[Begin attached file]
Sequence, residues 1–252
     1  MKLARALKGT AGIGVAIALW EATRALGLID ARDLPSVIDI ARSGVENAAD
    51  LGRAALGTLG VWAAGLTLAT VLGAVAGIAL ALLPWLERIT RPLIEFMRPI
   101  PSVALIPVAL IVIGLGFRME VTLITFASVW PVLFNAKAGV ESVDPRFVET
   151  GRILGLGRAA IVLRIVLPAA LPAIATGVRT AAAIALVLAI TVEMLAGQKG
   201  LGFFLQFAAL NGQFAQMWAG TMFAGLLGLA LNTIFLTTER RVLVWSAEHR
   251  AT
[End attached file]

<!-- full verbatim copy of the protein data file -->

Sequence, residues 1–252
     1  MKLARALKGT AGIGVAIALW EATRALGLID ARDLPSVIDI ARSGVENAAD
    51  LGRAALGTLG VWAAGLTLAT VLGAVAGIAL ALLPWLERIT RPLIEFMRPI
   101  PSVALIPVAL IVIGLGFRME VTLITFASVW PVLFNAKAGV ESVDPRFVET
   151  GRILGLGRAA IVLRIVLPAA LPAIATGVRT AAAIALVLAI TVEMLAGQKG
   201  LGFFLQFAAL NGQFAQMWAG TMFAGLLGLA LNTIFLTTER RVLVWSAEHR
   251  AT